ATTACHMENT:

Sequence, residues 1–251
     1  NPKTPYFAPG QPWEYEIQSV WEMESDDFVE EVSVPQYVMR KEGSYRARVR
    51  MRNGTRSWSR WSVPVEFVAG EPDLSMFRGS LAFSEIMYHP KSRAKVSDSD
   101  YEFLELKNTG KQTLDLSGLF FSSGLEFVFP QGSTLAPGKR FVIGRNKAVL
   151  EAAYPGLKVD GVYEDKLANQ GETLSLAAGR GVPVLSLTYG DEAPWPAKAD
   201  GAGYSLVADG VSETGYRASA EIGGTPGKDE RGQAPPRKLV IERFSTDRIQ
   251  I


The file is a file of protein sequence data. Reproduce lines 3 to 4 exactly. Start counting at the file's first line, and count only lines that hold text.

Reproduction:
    51  MRNGTRSWSR WSVPVEFVAG EPDLSMFRGS LAFSEIMYHP KSRAKVSDSD
   101  YEFLELKNTG KQTLDLSGLF FSSGLEFVFP QGSTLAPGKR FVIGRNKAVL